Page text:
Making Disciples of All Nations

“Go, therefore, and make disciples of all nations, baptizing them in the name of the Father, and of the Son, and of the Holy Spirit, teaching them to observe all that I have commanded you. And behold, I am with you always, until the end of the age.” (Mt 28:19-20)

These are the last words from our Lord to the Apostles prior to ascending into Heaven, and they contain both a command and a promise. The command — make disciples of all nations. The promise — behold, I am with you always.

The two go hand in hand, since, without the promise, the command would be impossible to fulfill. At the Last Supper, the Lord gave to His Apostles a sacred ritual by which He would continue to dwell among us in this world. “This is My Body … this is My Blood … Do this in remembrance of Me.” Whenever we attempt to fulfill anything the Lord has asked of us, we are fortified by the recollection and the reception of His promised presence among us.

Having recalled and received the promise, we become what we receive, as Pope St. Leo the Great said, as we are transformed to become more and more like Christ. With this understanding, it is no wonder that the Catechism of the Catholic Church poignantly states, “The Sunday celebration of the Lord's Day and His Eucharist is at the heart of the Church's life.” (§2177)

So that gets us through an hour a week on Sundays, but what about the rest? We must be followers of Christ for the other 167 hours of the week as well. So, what is a Christian to do?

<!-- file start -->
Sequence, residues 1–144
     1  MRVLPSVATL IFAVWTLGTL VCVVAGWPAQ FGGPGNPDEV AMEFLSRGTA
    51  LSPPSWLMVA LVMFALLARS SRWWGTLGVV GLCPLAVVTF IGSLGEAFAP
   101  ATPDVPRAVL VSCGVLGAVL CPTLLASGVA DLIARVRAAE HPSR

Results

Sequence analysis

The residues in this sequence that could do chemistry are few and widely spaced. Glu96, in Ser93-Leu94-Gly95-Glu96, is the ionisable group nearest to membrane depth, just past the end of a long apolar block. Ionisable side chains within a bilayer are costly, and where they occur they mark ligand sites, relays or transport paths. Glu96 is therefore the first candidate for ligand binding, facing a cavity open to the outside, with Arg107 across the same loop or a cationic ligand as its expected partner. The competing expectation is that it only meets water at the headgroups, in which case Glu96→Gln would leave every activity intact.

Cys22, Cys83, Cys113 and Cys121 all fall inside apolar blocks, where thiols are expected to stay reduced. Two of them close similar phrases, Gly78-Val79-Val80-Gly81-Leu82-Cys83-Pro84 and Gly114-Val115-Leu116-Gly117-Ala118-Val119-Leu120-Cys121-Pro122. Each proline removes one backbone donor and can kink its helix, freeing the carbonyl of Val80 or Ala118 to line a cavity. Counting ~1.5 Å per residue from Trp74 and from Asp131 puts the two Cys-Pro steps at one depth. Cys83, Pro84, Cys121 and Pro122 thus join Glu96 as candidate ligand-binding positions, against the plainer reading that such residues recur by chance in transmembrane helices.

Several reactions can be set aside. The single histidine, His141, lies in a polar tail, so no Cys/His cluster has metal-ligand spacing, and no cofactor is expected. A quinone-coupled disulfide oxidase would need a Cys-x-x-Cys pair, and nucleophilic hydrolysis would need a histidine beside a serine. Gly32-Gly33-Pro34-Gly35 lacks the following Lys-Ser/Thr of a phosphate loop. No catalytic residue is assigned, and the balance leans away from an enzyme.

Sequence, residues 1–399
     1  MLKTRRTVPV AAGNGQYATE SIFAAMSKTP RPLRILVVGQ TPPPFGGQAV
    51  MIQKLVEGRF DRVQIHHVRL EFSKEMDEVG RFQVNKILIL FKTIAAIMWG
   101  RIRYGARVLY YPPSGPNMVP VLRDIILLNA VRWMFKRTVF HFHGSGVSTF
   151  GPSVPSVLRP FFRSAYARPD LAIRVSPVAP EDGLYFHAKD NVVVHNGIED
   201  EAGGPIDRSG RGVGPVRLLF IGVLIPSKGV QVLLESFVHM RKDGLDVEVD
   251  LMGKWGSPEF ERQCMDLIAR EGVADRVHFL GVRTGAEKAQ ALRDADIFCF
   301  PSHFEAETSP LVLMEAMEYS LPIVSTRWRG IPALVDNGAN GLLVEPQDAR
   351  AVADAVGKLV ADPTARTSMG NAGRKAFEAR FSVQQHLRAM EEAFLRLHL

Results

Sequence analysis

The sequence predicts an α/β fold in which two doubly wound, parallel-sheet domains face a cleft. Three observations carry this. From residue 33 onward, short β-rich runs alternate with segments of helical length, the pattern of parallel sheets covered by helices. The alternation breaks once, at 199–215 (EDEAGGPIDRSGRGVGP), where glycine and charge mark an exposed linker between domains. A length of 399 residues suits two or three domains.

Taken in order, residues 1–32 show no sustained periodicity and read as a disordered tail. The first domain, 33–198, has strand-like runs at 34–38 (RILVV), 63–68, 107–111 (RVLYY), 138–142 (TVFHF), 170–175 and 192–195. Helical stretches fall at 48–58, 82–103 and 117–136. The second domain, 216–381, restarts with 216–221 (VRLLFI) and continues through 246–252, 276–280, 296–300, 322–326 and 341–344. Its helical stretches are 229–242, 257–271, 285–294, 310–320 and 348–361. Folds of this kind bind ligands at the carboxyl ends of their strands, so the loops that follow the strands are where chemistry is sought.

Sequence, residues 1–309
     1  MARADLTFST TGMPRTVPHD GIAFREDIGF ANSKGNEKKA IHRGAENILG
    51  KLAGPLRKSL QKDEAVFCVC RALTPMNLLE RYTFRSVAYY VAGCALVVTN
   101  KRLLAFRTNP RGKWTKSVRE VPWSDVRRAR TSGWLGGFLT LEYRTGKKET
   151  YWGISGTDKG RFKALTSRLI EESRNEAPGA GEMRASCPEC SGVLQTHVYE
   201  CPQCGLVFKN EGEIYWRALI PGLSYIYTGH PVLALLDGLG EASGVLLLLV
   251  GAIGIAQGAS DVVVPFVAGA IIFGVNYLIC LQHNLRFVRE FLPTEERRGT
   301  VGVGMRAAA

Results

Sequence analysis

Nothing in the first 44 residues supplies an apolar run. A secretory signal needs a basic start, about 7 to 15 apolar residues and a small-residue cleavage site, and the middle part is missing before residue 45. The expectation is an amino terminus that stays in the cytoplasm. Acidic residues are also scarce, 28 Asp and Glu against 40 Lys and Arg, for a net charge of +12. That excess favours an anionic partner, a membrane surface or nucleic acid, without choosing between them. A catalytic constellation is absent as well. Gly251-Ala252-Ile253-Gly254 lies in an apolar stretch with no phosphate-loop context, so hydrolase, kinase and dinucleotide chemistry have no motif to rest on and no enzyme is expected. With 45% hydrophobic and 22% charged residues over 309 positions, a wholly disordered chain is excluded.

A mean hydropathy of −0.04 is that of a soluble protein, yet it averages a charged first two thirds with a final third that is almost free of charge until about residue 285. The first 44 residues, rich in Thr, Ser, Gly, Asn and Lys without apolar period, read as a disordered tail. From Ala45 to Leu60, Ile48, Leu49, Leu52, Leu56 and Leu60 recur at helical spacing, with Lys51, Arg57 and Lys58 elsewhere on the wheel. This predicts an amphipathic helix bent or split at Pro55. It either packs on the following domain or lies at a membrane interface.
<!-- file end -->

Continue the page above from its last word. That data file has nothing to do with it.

The first thing is to make sure that we keep track of our spiritual “temperature.” Our temperature is in the “normal range” if we maintain an unshakable faith in God’s mercy, the merits of Christ, and the value of the sacraments. We must add to this a realistic appraisal of our weaknesses. Furthermore, if our formed conscience does not “nag” us about the choices we have made, we are on the right track. Finally, if we find joy in holy things, a desire to do the will of God, and a desire to do works of charity, we are in great shape.

What if we have a spiritual “fever”? In our program-driven, quick-fix-minded world, it is easy to overlook what the Church already offers us in favor of the latest and “shiniest” thing. However, neither the greatest program nor the newest devotion will accomplish what we need if we do not partake of the tried-and-true treasures that have endured throughout the history of Christendom.

Remember them as the four C’s — communion, confession, conversation, charity. Communion, obviously, refers to Holy Communion. We have already looked at that above, so not much more need be said here. However, it is worth recalling here the words of St. John Vianney, “O my God, what joy is a Christian’s who, as he rises from the Holy Table, carries all of Heaven in his heart.” If Heaven is in our hearts, what more do we need, and why not receive Heaven more than just on Sunday if we can!

Unfortunately, even Heaven can be thwarted if it does not find a willing receptacle. That is where the second ‘C’ comes in — confession.